Interview with Molly Jacques | Illustrator & Hand Letterer
At Bloom we love learning and garnering inspiration from other creatives who are doing things right. One of those girls is Molly Jacques, an extremely talented hand letterer & illustrator. You have probably seen Molly's work as her list of clients include Nike, Victoria's Secret, Entertainment Weekly, Cole Haan and the New York Times (just to name a few). Despite Molly's success she is as down to earth as ever, and has even recently launched an online space to educate other professionals in her field. We love that, and we love what a down to earth and sweet soul Molly is. Today, Molly is here to share some insight and advice with the Bloom community!
A few basics: I'm an illustrator from the great state of Michigan who loves word art, rock climbing, and a good snuggle with my pups/Location: Grand Rapids, Michigan/Title: Illustrator / Hand Letterer/Coffee or Tea: Coffee, always/Where can we find you on a Saturday morning? Eating pancakes and spending time outdoors.
1. How did you get started as a hand letterer and illustrator?
I knew I wanted to be an illustrator way back in elementary school. My parents were super supportive of my love of drawing and encouraged me to pursue a higher education in Illustration. I graduated from CCS with a BFA (concentration in Illustration) and then launched into the professional industry in 2010. I worked for a little stationery company for a while and fell in love with hand illustrated words, which lead me into hand lettering and calligraphy.
2. What has been one thing you've learned the hard way as a business owner?
Taxes. The first few years I was freelancing, taxes were pretty easy because I wasn't getting that much work. As business got better, I quickly realized that I was totally lost when it comes to taxes and If I did them incorrectly, it would cause huge problems. I now have my Mother in Law (thanks Mom!) do all of my bookkeeping and we have an accountant to do my taxes. This method has been extremely helpful for me because it takes that work off my hands and it has actually taught me a lot about the proper way to keep track all of my income and how to prepare everything for my accountant. I like to think that now we're a little super team of freelancing tax pros =)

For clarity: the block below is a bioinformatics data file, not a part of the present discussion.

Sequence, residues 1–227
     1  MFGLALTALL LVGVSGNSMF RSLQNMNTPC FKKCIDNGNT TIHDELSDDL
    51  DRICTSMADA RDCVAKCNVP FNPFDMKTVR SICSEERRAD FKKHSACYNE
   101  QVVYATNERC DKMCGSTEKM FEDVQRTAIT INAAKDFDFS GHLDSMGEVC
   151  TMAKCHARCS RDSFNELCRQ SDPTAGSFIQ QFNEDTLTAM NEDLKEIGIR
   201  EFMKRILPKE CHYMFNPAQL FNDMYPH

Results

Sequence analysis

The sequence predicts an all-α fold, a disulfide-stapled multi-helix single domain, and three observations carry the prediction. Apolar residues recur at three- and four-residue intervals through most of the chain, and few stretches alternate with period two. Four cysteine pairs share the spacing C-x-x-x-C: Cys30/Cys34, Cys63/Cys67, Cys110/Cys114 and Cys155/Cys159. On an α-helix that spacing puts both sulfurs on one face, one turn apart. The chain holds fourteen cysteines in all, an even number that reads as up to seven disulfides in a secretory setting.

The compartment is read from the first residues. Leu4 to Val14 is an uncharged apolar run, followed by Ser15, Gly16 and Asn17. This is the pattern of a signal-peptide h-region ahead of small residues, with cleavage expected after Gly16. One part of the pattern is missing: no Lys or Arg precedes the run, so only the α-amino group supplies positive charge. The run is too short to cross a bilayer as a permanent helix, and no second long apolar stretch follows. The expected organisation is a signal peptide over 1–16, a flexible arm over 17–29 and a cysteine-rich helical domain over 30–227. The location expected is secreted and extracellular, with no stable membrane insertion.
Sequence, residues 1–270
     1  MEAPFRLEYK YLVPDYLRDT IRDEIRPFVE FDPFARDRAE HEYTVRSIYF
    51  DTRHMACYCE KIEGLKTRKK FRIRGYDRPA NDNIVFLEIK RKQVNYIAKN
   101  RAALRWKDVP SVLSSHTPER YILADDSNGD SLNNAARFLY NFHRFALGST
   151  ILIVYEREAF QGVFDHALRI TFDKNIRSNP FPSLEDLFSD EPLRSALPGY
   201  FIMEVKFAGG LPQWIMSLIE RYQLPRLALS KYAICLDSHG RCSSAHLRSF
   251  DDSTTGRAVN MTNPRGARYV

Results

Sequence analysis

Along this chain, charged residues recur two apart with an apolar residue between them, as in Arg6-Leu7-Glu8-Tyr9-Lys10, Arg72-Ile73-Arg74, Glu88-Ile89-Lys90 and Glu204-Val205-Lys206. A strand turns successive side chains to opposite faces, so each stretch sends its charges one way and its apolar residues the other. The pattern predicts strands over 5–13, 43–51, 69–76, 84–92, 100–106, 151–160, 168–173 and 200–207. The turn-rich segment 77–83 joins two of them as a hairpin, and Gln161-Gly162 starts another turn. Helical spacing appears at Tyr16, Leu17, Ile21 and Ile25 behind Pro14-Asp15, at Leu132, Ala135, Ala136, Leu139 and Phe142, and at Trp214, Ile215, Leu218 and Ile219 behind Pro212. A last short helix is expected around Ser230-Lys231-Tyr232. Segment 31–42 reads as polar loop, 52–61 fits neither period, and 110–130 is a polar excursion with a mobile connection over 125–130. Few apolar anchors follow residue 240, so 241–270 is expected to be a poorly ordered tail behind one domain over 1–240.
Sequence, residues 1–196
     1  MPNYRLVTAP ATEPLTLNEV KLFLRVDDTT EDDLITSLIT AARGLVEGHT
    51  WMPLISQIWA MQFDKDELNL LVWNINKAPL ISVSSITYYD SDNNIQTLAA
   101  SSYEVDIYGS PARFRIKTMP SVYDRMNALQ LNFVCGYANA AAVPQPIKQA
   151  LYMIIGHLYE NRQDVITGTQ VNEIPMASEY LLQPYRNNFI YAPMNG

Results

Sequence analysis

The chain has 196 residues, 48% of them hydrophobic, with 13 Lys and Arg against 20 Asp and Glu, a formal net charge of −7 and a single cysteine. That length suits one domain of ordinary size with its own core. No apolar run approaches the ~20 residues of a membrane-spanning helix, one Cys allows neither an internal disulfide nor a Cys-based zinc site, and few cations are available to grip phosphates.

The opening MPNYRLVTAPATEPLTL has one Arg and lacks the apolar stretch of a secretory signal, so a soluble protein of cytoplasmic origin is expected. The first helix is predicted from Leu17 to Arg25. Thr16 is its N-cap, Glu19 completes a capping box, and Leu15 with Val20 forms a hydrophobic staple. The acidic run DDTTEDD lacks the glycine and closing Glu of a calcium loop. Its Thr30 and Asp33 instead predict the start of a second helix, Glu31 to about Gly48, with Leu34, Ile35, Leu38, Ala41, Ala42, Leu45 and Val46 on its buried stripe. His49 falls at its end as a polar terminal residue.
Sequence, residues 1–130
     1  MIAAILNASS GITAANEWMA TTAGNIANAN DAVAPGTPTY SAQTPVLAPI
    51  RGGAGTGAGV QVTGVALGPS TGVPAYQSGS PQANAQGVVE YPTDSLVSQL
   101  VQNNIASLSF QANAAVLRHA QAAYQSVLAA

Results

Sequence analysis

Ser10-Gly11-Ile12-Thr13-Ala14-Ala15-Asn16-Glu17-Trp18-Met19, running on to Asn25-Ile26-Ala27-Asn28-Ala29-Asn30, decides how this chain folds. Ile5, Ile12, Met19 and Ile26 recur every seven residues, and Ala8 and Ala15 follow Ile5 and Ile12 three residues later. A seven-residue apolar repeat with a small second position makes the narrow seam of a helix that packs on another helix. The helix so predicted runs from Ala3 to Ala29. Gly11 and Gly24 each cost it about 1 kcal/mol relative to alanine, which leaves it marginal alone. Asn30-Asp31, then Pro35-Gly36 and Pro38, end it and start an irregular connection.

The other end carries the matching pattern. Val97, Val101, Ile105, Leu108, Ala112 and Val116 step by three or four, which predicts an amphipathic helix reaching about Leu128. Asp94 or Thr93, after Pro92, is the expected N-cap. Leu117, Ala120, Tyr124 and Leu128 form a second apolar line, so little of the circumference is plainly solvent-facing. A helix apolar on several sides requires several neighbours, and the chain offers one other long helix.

3. How do you decide which projects to take on, and which to pass on?
This is a hard one... As a freelancer, I'm thankful for every job that I snag. That being said, I will usually turn down a job if I feel it goes against my morals or the client isn't willing to pay a fair wage. I love taking on jobs that offer up creative freedom and allow me to really flex my skill set.
4. What would be your best piece of advice for creatives wanting to start their own business?
Do your research and be realistic. Understand the industry you're getting into and find a mentor to help guide you along the way.
5. What has been your most memorable project to date, and why?
My most memorable project to date was the typeface that I created for Google Maps. Google is such an inspiring company and their team is so pleasant to work with. I was able to really get creative and I totally had a fangirl moment when the typeface went live.
6. You offer workshops, tell us a little about that.
I've had the opportunity to teach private calligraphy and lettering workshops all over the country and it's something that I'm really passionate about. My workshops are based around college level curriculum ranging from foundations to more advanced illustrative techniques like digital applications. I've taught a combination of these courses at College for Creative Studies so I'm really confident that workshop attendees are really getting the best education there is out there in a condensed form. I'm currently working on bringing Molly Jacques Workshop into an online format, giving the opportunity for individuals to learn the skills on their own time, from home. MJW is going to be as close to my in-person workshops as possible, including personal feedback and mentorship for aspiring calligraphers and letterers.
7. What has been the most rewarding part of your business?
The most rewarding part of my business is being able to bring my client's ideas to life. Starting with just a creative brief and working side by side with a client to create what's in their mind's eye is a form of problem solving that makes me tick. I love it. I also really enjoy seeing others take what they have learned from my workshop and apply those skills to their own career. I think that's why MJW is such a passion project for me. It gives me the opportunity to really mentor others who what to do what I do but don't know where to start.
8. You were a featured teacher at La Petite Bloom, how was that experience?
So much fun! It was a challenge pairing down the curriculum into a 30-minute lesson but I'm always up for a good challenge. I loved being able to meet the attendees and share some fun basics in calligraphy.